There might be as many different roulette systems as there are roulette players, but most of those systems are just variations of some common (and ancient) systems. These systems for playing roulette all have one thing in common though; they do not change the house edge or the odds in any way. And no betting progression or system will ever change that mathematical fact.

That being said, no betting system for the game of roulette will reduce your chances of winning either, so there is no real reason not to use one of those systems. The only harm is if you think a system can change you from a losing player to a winning player, because it just doesn't work that way. And no one is well served by being deluded, whether it's a self-delusion or not.

The most common roulette betting system is the Martingale System, and many variations of the Martingale system. The idea is that every time you win a bet, you pocket the bet, but if you lose, you double the size of your previous bet. By doubling the size of your bet, if you win, you'll win back your loss from the previous bet plus one unit. If you lose 2 bets in a row, by doubling your bet again on the 3rd bet, you'll win exactly one unit if you win.

The Martingale System would work great if you had an infinite bankroll and no betting limits. Unfortunately, most (all) people don't play under those conditions. Take a table with a $5 minimum and a $500 maximum bet for example. Using a Martingale progression, you would bet $5, then $10, then $20, $40, $80, $160, $320...then...

Well, at that point, you wouldn't be able to bet $640, and you'd be suffering a pretty big loss that you couldn't recover from. You might be wondering though how likely it is to get 7 losing spins in a row. It actually will happen quite a bit more often than you think it will, maybe once every 90 sequences. And since you're only profiting by one bet every time you hit a win, you won't be up by very much by the time you do hit your inevitable losing streak with the big loss.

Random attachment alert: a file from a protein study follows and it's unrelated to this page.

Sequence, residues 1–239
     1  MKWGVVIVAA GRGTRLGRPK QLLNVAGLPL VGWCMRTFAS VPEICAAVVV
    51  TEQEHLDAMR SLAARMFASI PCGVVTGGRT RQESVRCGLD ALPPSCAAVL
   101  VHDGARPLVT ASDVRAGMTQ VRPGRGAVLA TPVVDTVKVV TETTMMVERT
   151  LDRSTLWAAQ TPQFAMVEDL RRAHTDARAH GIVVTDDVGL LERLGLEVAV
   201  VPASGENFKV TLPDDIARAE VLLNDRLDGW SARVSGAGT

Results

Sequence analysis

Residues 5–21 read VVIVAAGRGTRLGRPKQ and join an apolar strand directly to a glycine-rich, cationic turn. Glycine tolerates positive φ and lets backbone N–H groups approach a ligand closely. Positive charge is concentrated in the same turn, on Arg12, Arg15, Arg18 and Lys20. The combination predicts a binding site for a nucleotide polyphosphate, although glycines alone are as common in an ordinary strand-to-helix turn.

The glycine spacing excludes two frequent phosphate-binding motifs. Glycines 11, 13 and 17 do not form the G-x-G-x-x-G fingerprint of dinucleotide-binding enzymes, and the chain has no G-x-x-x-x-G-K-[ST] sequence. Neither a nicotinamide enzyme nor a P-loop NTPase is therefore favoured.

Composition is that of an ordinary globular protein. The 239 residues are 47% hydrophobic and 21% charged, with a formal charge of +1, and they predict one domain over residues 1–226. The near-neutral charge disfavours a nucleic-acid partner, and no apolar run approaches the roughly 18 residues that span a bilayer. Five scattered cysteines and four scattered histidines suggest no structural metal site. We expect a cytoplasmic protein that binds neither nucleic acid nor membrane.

Another popular roulette system is the d'Alembert system. This system assumes that after a win, a player is less likely to win again. So after a win, you subtract a chip from your bet. The d'Alembert system also assumes that you'll be less likely to lose after a losing spin, so in that case, you add a chip to your bet. The flaw in this thinking is that the roulette wheel has no memory, and each spin is an independent trial with exactly the same odds of a win or loss as the previous spin.

In a cancellation system you start by writing down a series of numbers. The total of those numbers is the win goal for the session. An easy example would be a session of 1, 1, 1, which is a total of 3. At a $5 table, this would give you a win goal of $15. Each bet you make is the sum of the numbers on each end. (In this case it would be 1+1, or 2.) If you win, you cross off the number on each end, then bets the total of the two remaining numbers.

On the other hand, if you lose, you'll write the number of units you just bet at the end of the sequence, then bet the sum of the two new end numbers. Like the Martingale system above, it doesn't take many losses before the losses become very large, and you hit the maximum betting limit and can't continue, which again guarantees you a loss.

These systems might be fun to try, but they won't change the odds, and they won't magically turn you into a winning roulette player. Betting progressions just don't work that way.